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An L.A. Original : The Garden at Charles Lummis' Historic Home Has Just : Been Re-Created With His Fascination for the Southwest in Mind

July 05, 1987|ROBERT SMAUS | Robert Smaus is an associate editor of the Los Angeles Times Magazine.

CHARLES F. LUMMIS WAS one of the first to see Los Angeles as a special place. His home in Highland Park, now a historic landmark, sets in stone and concrete his vision of "the Southwest," a term he coined. Fittingly, its contemporary caretakers have recently added their own vision, a garden that is as unique as the home it surrounds.

Lummis arrived in Los Angeles in 1885, on foot, having made the trek from Ohio in 143 days and having written of his adventures along the way. Harrison Gray Otis published these as columns in his fledgling, four-page Los Angeles Times, of which Lummis would become the first city editor. But a desk job did not suit Lummis for long. Described as a "restless" individual, he soon left behind his job and family to live in New Mexico, where he studied, photographed and wrote about the Indian cultures. In one window of the Lummis home are glass photographic plates, recently restored, taken on that trip, and on later ones into Mexico and South America.

But he always returned to Los Angeles--becoming one of its greatest boosters. He was the editor of the Chamber of Commerce publication, Land of Sunshine, which he gradually turned it into a literary vehicle that he renamed Out West. In it appeared the first writings of Mary Austin (a fall PBS special will document their relationship), Jack London and Robinson Jeffers. Out West also published the illustrations of such early Western artists as Edward Borein and Maynard Dixon (who designed the magnificent front doors on the Lummis house).

Lummis saw his home--which he named El Alisal , or "The Alders" (what the Spanish called the California sycamores that grow in the Arroyo Seco)--as a gathering place for all who shared his enthusiasm for the West. Many were conscripted to help in the construction of the house; bits and pieces are by many notables of the era, including a fireplace supposedly done by Gutzon Borglum, the sculptor of Mt. Rushmore. Like many do-it-yourself projects, the house was not built quickly, and it was never really completed. Much of the work was done during a 13-year period, and he lived there from about 1897 until his death in 1928.

In 1905, Lummis became Los Angeles' librarian and began the Department of Western History Material and the collection of early Spanish documents that would become the Rare Book collection. Five years later, he resigned to establish a museum of Southwestern history and cultures. His own collections became the basis for the Southwest Museum, built on the hill above his home. To keep track of its progress, he aimed several conspicuous windows of the house in that direction.

The house has many other oddly placed windows and doors that open into thin air. Some windows probably framed views of the then-wild Arroyo; others seem to have been oriented to the breezes, and a few were placed rather low on the walls--perhaps for the benefit of children.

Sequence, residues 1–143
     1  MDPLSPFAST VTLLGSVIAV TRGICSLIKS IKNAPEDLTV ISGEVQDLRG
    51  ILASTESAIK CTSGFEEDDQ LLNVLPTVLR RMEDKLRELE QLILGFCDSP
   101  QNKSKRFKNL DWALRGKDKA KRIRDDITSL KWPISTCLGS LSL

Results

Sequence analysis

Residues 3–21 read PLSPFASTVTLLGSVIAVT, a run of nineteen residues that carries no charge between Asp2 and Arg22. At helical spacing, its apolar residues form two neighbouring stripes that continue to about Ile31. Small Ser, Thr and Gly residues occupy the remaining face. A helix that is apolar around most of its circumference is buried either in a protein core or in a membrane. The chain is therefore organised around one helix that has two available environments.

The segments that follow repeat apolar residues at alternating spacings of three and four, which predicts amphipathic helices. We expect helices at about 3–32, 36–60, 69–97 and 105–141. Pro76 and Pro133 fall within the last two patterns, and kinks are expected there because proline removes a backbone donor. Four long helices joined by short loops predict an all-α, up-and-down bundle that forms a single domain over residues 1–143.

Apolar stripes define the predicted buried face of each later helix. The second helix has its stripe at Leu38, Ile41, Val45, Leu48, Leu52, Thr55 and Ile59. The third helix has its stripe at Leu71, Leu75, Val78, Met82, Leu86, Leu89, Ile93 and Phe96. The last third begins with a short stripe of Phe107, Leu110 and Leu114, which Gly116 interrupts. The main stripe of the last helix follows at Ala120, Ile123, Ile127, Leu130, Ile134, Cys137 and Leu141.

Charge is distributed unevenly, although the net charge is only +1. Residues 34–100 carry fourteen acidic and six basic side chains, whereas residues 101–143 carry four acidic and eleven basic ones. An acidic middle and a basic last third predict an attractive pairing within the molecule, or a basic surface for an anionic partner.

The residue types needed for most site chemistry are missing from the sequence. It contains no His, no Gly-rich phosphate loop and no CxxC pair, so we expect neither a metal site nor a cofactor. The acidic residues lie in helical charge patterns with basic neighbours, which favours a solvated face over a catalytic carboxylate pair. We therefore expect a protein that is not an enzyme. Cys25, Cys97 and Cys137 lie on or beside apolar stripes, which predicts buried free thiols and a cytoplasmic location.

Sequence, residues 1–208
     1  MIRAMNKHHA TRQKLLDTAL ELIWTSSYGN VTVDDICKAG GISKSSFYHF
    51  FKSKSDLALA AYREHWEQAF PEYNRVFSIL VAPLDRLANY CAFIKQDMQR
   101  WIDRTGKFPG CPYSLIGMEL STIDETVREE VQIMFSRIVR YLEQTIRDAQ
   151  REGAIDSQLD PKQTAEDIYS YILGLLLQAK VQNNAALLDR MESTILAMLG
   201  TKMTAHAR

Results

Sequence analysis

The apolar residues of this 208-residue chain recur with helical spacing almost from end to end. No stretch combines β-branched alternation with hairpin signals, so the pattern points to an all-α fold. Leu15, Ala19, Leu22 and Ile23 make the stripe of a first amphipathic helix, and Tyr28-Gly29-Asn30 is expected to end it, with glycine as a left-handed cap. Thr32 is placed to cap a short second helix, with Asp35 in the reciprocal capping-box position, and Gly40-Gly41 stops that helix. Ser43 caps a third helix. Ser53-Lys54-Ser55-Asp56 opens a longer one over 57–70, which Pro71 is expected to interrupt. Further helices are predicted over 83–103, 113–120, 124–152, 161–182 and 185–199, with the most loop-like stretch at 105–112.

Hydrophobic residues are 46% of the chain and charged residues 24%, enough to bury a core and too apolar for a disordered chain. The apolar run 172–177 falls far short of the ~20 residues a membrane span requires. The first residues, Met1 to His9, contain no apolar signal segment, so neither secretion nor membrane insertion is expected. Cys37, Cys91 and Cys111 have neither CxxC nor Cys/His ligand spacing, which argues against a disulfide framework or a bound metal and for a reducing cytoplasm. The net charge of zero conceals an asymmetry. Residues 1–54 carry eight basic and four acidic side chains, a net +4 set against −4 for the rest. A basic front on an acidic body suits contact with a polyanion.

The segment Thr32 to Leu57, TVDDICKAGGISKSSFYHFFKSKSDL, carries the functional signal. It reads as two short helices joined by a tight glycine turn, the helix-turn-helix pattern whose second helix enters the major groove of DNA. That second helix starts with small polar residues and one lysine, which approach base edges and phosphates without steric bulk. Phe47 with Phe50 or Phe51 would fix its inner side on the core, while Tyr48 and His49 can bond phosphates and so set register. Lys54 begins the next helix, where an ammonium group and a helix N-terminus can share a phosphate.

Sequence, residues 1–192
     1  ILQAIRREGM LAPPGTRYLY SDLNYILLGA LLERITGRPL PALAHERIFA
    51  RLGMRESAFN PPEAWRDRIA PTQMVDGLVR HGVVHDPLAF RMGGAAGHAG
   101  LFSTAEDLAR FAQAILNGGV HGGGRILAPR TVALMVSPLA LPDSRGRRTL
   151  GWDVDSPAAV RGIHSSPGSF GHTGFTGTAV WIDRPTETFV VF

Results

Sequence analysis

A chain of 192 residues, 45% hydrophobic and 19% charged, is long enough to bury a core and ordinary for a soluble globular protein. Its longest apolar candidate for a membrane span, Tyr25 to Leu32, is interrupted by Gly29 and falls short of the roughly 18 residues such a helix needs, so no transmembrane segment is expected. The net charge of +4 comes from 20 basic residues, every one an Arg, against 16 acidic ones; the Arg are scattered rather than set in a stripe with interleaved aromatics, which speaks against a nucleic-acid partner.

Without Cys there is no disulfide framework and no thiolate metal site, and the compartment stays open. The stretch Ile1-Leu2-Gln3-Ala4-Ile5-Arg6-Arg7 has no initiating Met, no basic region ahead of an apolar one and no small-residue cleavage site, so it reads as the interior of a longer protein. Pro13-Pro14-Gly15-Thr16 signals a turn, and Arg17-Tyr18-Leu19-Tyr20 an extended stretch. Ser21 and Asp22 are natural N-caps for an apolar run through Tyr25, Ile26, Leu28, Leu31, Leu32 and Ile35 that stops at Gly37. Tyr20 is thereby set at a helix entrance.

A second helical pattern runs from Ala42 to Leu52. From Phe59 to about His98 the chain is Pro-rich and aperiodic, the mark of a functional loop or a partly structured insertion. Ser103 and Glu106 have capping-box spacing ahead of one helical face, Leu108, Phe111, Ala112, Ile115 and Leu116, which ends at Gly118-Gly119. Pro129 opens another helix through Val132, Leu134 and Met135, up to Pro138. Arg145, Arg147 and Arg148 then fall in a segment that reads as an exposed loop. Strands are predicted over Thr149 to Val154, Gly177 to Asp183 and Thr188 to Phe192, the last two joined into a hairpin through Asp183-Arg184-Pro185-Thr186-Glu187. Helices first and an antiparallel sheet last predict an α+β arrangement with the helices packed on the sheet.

Lummis had four children, whom he adored; even when they were grown, the house was always full of children. He built his house as much for them as for any other reason, hoping that it would be an enduring center for an idyllic family life. But that was not to be; Lummis went through three marriages.

Lummis saw the house as his gymnasium, a place for physical work, a necessary antidote for his mental labors. And it was not easy physical work. The walls, of poured concrete, are faced with boulders from the Arroyo and reinforced with heavy iron rails from the Santa Fe RailwayThe timbers that span them are telegraph poles. The doors are handmade and quite massive, thicker than a brick.

The architecture is a bit Santa Fe and a bit California mission (Lummis founded the Landmarks Club, which first sought to preserve the missions), but everything about the house is eccentric, the work of an individual. The chimneys are copies of those of the San Juan Capistrano Mission, and the tower on the front of the house is the mesa architecture of the Southwest Indians. Though the influence of the Craftsman era--just then beginning a little farther up the Arroyo, in Pasadena--is evident, this is not a Craftsman's house, but an artist's, collector's and handyman's. The cabinetwork is crude but imaginative, incorporating artifacts and bits of Southwest or South American history and culture wherever possible. The floors are simple concrete, not elaborate tile, sloping toward the doors, so the whole place could be hosed out after one of his parties (which Lummis called "noises"). The concrete floors contributed to his second divorce--his wife Eva charging that his refusal to carpet them amounted to extreme cruelty.

The garden, which once took up 2 1/2 acres, was equally eclectic--a mix of fruit trees, old sycamores, yuccas and flowers. The only surviving part of the original landscape is a lily pond in the center of the patio, built like the central wells or troughs found in Spanish ranchos.

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